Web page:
Volume: 02, Issue: 08 04/21/2004 
Images of the Lyrids taken last year by NASA's Solar and Heliospheric Observatory.
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Other Articles in This Issue:
Mars Rocks Resemble Meteorites Found on Earth
Sedna Mystery Deepens With Hubble Images of Farthest Planetoid
Two Storms Caught in the Act on Saturn
Explore Professional Development Opportunities

Celestial Show Tonight

Thanks to Comet Thatcher, observant and early rising stargazers will have show to see at about 3 AM on April 22. The Lyrids, a regular April meteor shower, will streak across the morning sky at a rate of about 5 to 20 meteors every hour.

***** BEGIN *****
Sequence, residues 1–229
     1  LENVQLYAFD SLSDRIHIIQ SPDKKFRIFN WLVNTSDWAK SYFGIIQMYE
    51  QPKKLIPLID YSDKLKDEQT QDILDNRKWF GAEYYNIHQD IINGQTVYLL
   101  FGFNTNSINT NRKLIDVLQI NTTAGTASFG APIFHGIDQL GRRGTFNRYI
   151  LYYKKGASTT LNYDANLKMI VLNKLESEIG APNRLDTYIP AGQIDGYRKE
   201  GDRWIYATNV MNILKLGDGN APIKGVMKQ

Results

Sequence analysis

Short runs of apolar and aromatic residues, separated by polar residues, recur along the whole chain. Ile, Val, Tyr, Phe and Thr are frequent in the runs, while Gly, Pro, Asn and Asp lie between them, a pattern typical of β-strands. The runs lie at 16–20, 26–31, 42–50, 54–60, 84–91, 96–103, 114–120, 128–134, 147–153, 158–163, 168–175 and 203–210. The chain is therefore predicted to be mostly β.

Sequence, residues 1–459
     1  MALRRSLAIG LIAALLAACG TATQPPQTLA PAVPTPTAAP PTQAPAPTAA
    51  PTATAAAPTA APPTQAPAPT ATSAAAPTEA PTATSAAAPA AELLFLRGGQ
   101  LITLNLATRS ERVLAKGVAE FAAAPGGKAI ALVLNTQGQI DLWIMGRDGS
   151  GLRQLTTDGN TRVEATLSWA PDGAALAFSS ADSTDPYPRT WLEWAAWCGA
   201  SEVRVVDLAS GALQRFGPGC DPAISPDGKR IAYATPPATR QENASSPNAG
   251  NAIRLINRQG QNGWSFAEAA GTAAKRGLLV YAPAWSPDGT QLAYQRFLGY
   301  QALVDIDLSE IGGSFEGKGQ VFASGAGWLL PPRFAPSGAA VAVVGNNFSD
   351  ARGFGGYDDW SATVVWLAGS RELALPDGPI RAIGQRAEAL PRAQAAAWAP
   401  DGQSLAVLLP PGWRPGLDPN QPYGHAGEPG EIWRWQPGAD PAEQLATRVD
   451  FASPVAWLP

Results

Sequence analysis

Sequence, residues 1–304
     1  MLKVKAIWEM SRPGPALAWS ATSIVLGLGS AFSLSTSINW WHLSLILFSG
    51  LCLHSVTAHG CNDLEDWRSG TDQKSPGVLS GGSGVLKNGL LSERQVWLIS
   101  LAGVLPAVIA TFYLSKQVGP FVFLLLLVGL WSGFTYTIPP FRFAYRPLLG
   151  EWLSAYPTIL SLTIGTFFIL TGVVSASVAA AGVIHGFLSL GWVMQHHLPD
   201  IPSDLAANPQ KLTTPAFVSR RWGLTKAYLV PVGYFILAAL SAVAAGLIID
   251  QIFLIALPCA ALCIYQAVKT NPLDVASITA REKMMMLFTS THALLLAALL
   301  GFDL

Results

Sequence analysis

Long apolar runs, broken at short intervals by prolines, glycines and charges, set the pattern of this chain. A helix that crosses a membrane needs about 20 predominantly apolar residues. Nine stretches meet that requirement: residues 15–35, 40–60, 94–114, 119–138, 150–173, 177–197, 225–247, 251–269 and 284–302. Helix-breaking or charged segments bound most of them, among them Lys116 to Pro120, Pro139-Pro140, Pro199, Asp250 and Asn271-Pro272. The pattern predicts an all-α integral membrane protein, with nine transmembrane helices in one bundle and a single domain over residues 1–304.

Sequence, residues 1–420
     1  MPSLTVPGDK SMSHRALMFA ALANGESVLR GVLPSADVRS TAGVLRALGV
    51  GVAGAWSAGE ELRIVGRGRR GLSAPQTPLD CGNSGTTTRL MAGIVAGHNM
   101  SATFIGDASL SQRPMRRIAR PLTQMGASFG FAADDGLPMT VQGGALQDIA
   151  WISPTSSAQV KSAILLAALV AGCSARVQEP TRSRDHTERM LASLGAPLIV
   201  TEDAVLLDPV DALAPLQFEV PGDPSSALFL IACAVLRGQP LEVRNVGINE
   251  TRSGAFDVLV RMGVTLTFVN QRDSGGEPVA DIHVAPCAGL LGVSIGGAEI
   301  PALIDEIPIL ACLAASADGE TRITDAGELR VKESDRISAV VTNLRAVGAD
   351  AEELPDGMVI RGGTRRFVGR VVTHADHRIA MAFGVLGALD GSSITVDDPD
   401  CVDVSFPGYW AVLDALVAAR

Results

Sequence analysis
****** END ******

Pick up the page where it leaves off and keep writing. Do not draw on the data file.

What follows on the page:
The Lyrids are so named because they appear to radiate from a point within the constellation Lyra, which can be found above Cygnus due East in tonight's sky. They are actually bits of debris left by Comet Thatcher as it crossed Earth's orbit. This is why they are so regular. As Earth follows its path around the Sun, it grazes this stream of debris once a year, pulling out chunks of rock, dust, and ice. These chunks generate a lot of friction and heat as they fall through the atmosphere and create the glowing streaks that are often called shooting stars.

For a sky map to help in your observations, visit:

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